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John Dunn posts a picture of the great Italian poet to support an extract on Dr John Dunn.

Unrestrained freedom

from Renaissance: Counter-Renaissance

Dante’s Comedy heralded the revolutionary uprising known to us as the Renaissance. There is, says Dante though the mouth of Marco Lombardo in Purgatory XVI, a part of the ‘Mind in you, that the sky does not have control of’. This free component of the mind defines the individual as human. If it ceases to be active through worldly distractions, the individual assumes a beast-like quality. And ‘if the world today goes awry’, Marco adds, ‘the cause is in yourselves, search for it in yourselves’

The world came into being in an act of spontaneity. There was no pre-determined reason for its creation, which was an act of total freedom. The spontaneity of this act was likened by Dante to a child at play who turns eagerly to what delights it. Such unrestrained freedom became the foundation for positing our own human freedom. It is because we were born out of this spontaneous action that we can go on believing that there is such a freedom for us.

It is no accident that this allegorisation of creativity and play occurs at the very centre of Purgatory and, thus, at the very centre of the Comedy as a whole. In Purgatory XVII, Dante presents the mind’s penchant for acts of creation that are unprompted by sense sensations and external influences, be they natural, social, cultural or political. Dante develops his thesis at the fulcrum point, making it the crux of the matter for the work as a whole.


© John Dunn.
Book sales

From the archive: For consciousness

Something said 3 Something said 3
Prose poems

Just a thought: The power to move the imagination is held innately within us. It is a faculty that is completely free from the solicitations of the outside world. It is the power within us to imagine worlds that do not even exist. (Renaissance: Counter-Renaissance) John Dunn

'Heidegger and improvised being' and 'The machinations of Heidegger' 'Heidegger and improvised being' and 'The machinations of Heidegger'
'Heidegger and improvised being'
Between birth and death a clearing emerges, in which we can decide to choose our world. It is a place in which authenticity demands that we undertake a ‘critical ontology of ourselves’ in order to escape the banal clutches of Das Man, or ‘the they’. We can inscribe this place of temporality with the temporarily improvised self-expression of our own being. This, for Heidegger, was freedom.
John Dunn

'The machinations of Heidegger'
He was wrong in this idealistic and naive belief. The truth is that deconstruction has evolved into a new logocentrism.
John Dunn

 

Toll House on Dr John Dunn. Supplement to Cary's Newport Pagnell to Bedford route

Oxford to Cambridge project

Pictured left: Toll House as it stands today, Newport Pagnell North Bridge

This bridge is a single span stone bridge, which allowed horse-drawn vehicles to pass in and out of town. Originally there was a ford at this point, and then later a timber bridge stood alongside the ford. This wooden bridge was rebuilt in stone around 1380 and was made up of three arches. It survived until 1810, when the present North Bridge wasbuilt. A single arch of the 14th century bridge can still be seen in Ousebank Gardens.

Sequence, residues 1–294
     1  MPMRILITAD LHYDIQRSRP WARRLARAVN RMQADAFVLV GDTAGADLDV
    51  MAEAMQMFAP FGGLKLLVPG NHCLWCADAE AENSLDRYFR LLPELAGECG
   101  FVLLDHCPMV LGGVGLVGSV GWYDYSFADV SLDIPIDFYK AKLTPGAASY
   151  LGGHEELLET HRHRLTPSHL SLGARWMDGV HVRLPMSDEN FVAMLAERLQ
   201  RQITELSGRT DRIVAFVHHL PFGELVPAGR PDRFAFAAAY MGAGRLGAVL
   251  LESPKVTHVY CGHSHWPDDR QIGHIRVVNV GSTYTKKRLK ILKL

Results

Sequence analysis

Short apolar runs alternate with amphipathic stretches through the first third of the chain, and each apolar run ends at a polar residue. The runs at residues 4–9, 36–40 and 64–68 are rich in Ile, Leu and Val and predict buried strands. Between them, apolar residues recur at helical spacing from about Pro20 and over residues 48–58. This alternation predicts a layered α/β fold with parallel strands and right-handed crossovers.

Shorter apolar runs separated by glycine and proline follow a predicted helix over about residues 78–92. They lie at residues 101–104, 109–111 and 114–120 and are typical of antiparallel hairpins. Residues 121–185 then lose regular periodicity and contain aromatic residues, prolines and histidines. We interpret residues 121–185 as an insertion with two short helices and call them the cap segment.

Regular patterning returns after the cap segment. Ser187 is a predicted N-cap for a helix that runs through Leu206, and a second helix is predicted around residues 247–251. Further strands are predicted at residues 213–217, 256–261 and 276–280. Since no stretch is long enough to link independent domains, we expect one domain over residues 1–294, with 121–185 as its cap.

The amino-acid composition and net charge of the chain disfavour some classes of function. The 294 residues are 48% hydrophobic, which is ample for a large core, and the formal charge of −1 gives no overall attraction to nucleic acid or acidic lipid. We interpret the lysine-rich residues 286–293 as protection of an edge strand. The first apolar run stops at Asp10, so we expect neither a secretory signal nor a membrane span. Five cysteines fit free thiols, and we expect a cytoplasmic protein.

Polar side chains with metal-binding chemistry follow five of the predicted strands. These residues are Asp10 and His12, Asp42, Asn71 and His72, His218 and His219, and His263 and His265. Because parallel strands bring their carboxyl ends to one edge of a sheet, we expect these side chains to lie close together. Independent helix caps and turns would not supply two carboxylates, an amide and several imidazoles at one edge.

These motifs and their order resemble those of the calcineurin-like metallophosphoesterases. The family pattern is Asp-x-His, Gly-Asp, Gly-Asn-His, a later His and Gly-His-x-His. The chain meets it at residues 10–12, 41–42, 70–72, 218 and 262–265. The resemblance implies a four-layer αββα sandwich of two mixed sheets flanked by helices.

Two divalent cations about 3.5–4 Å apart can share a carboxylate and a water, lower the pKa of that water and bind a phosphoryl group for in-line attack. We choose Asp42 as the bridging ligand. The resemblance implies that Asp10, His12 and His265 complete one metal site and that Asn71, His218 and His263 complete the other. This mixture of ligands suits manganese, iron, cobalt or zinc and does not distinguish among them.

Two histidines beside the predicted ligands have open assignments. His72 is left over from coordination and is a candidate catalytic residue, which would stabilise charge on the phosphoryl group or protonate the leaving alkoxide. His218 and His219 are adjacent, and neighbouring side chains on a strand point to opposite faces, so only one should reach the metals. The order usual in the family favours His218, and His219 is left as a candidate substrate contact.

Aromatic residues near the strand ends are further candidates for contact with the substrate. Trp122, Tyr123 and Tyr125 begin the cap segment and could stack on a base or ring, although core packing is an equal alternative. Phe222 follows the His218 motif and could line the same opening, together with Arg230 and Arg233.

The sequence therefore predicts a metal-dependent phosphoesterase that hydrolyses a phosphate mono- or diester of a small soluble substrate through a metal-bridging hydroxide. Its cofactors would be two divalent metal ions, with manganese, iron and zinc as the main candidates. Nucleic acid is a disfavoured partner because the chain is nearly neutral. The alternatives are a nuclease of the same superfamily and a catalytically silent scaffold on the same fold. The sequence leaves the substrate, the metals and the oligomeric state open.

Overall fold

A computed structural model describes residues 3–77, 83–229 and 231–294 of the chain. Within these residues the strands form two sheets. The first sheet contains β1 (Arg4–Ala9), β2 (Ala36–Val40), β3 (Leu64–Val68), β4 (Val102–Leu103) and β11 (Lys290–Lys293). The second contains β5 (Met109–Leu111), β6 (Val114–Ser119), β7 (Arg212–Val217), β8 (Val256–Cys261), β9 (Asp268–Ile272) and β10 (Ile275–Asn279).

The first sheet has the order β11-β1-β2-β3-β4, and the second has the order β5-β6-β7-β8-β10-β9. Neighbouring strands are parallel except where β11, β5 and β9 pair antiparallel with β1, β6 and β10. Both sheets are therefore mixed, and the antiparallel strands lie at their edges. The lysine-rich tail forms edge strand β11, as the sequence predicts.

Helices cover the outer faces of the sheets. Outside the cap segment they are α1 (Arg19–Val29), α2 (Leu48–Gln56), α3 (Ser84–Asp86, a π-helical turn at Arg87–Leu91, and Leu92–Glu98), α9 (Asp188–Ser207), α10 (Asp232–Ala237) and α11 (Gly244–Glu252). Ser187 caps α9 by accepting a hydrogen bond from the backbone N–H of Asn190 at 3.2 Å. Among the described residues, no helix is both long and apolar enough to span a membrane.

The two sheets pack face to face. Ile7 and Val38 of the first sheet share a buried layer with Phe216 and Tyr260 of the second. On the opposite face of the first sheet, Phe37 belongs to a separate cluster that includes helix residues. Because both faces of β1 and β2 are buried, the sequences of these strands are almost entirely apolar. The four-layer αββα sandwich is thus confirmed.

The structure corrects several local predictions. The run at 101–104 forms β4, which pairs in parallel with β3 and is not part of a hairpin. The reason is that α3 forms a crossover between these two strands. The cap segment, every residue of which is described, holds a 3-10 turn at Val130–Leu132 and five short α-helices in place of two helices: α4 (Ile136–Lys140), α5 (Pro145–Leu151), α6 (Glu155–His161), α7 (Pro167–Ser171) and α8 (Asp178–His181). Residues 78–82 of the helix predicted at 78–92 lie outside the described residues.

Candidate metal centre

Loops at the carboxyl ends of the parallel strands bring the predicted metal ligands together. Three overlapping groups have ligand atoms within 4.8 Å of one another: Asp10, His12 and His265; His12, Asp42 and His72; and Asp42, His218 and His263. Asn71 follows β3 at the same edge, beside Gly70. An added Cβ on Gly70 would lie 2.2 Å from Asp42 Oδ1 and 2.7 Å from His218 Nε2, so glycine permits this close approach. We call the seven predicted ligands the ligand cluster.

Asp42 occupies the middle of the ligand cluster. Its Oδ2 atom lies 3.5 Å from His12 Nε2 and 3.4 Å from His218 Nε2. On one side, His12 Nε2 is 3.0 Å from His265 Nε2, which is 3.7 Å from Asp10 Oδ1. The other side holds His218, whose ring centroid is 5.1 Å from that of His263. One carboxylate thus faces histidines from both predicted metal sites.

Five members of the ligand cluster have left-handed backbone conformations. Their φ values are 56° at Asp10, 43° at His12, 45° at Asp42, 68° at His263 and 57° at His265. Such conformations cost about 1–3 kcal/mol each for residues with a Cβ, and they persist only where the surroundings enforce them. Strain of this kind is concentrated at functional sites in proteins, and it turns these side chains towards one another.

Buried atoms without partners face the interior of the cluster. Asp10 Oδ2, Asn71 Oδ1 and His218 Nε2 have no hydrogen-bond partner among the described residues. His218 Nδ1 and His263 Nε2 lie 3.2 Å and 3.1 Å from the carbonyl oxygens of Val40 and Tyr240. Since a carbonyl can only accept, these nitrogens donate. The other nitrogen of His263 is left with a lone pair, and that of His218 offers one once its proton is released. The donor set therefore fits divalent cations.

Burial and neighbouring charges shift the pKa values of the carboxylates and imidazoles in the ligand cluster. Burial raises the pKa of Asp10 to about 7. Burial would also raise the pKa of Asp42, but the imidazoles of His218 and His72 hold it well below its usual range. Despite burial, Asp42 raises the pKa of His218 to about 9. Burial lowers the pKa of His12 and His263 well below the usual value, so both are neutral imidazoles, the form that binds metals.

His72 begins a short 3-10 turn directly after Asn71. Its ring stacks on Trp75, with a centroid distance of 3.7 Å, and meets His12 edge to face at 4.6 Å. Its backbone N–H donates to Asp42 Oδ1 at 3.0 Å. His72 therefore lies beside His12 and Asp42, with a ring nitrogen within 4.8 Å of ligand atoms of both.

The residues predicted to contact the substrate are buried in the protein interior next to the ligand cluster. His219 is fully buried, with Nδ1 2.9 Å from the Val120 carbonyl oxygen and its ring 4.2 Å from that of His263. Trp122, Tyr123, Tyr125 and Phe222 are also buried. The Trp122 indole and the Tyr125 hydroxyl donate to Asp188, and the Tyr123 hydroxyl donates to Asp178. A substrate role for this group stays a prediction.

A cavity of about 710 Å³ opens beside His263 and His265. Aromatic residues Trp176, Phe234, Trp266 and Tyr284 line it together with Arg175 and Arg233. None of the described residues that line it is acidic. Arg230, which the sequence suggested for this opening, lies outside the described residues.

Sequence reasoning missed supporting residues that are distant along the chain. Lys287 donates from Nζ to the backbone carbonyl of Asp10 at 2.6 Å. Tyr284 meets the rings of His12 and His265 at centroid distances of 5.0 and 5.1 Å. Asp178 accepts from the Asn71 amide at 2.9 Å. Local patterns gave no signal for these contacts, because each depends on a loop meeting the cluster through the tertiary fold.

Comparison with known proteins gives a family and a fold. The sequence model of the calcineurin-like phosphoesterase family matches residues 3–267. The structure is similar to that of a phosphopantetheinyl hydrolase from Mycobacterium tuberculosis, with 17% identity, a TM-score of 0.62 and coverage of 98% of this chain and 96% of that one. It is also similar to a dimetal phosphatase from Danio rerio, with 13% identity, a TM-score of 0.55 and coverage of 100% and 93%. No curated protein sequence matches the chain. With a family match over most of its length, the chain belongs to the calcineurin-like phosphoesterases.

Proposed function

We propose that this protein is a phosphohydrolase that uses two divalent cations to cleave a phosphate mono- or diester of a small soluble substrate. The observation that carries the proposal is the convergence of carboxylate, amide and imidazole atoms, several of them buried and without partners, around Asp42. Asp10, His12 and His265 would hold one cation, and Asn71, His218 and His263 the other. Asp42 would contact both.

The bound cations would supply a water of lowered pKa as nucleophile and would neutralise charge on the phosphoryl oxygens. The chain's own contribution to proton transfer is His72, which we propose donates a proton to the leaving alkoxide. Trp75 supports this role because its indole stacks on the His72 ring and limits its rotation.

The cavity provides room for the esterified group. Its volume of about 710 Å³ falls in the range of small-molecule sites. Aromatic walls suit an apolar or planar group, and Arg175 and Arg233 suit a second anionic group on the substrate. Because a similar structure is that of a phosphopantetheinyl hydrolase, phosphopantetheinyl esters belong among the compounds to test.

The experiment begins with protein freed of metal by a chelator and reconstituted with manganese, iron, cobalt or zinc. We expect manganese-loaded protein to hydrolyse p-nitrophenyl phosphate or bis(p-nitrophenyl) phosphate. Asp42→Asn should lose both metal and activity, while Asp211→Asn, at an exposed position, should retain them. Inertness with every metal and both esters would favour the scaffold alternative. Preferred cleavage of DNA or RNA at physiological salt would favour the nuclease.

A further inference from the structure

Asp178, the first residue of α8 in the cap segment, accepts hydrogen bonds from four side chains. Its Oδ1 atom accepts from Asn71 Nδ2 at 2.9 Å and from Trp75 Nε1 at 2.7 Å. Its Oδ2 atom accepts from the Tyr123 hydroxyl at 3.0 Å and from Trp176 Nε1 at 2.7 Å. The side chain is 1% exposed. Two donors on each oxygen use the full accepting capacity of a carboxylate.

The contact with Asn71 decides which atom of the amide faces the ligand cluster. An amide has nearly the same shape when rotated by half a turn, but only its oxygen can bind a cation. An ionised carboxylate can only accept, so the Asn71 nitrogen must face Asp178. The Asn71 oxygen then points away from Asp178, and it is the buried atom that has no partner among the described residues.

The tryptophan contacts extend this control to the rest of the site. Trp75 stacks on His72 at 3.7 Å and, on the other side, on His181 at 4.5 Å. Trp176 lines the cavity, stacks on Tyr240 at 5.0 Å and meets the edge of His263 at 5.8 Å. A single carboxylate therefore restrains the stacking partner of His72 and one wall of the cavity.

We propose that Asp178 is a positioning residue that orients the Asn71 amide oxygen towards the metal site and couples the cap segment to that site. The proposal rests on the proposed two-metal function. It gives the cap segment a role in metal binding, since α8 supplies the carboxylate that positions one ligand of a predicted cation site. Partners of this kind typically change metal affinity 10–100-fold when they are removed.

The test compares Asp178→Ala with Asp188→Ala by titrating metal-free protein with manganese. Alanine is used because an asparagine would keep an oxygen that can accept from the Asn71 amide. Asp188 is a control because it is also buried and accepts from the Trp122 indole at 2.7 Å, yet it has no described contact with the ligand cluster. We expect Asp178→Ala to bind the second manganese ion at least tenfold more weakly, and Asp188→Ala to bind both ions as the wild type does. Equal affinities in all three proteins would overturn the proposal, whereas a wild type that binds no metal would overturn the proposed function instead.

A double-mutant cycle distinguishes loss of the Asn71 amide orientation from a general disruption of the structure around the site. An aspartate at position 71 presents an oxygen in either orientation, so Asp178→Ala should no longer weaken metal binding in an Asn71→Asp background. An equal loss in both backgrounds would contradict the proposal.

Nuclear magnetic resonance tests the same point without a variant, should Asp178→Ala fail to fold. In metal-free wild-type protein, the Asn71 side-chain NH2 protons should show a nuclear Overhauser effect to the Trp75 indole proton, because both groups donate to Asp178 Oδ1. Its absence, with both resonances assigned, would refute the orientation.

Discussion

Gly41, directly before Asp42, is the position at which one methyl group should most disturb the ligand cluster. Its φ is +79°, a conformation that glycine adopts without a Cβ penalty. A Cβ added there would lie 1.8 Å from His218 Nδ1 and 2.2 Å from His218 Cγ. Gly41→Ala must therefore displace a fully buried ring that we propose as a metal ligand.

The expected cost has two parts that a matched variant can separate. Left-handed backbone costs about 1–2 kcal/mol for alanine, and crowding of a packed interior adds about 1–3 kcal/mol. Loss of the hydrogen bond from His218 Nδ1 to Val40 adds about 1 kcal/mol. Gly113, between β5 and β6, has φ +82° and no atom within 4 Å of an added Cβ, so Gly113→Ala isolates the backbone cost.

In the process of putting together the planning for the building of the present bridge authority was given to build a toll house with gates nearthe bridge to take tolls from anyone wishing to cross with vehicles or animals. The money raised was to pay costs incurred by the bridge. There was initially a temporary building. The present bridge was completed in 1809 and carries this date on the keystone of the arch on its west face. The present toll house was built. The bridge has undergone repairs since. In 1837 gas was used for lighting on the bridgeinstead of oil thanks to a gas works in the town. The front bay window of the toll house was used as a lookout so that no potential toll collection was missed. ( http://www.mkheritage.org.uk/nphs/the-north-bridge-built-1810/ )


Toll House North Bridge late 19th early 20th C.

Cary left Newport Pagnell, travelling briefly on the Northampton to Newport Pagnell Turnpike. The first toll to pay was at the North Bridge over the River Great Ouse. The toll house still stands.

Grid ref on 2020 OS map

Cary then turned right to join the Kettering and Newport Pagnell Turnpike. The first toll to pay on this turnpike was at Sheringham Bridge. The old toll house had been incorporated into a still extant residential property called Bridge House.


Grid ref on 2020 OS map

Still on the Kettering and Newport Pagnell Turnpike, the next turnpike gate was encountered at Emberton.

Grid ref on 2020 OS map

After passing through Olney, Clifton Reynes and Newton Blossomville, Cary joined the Bromham and Olney Turnpike and had to pay a toll almost immediately at Turvey.

Grid ref on 2020 OS map

Another toll had to be paid on the same turnpike on the way to Bromham.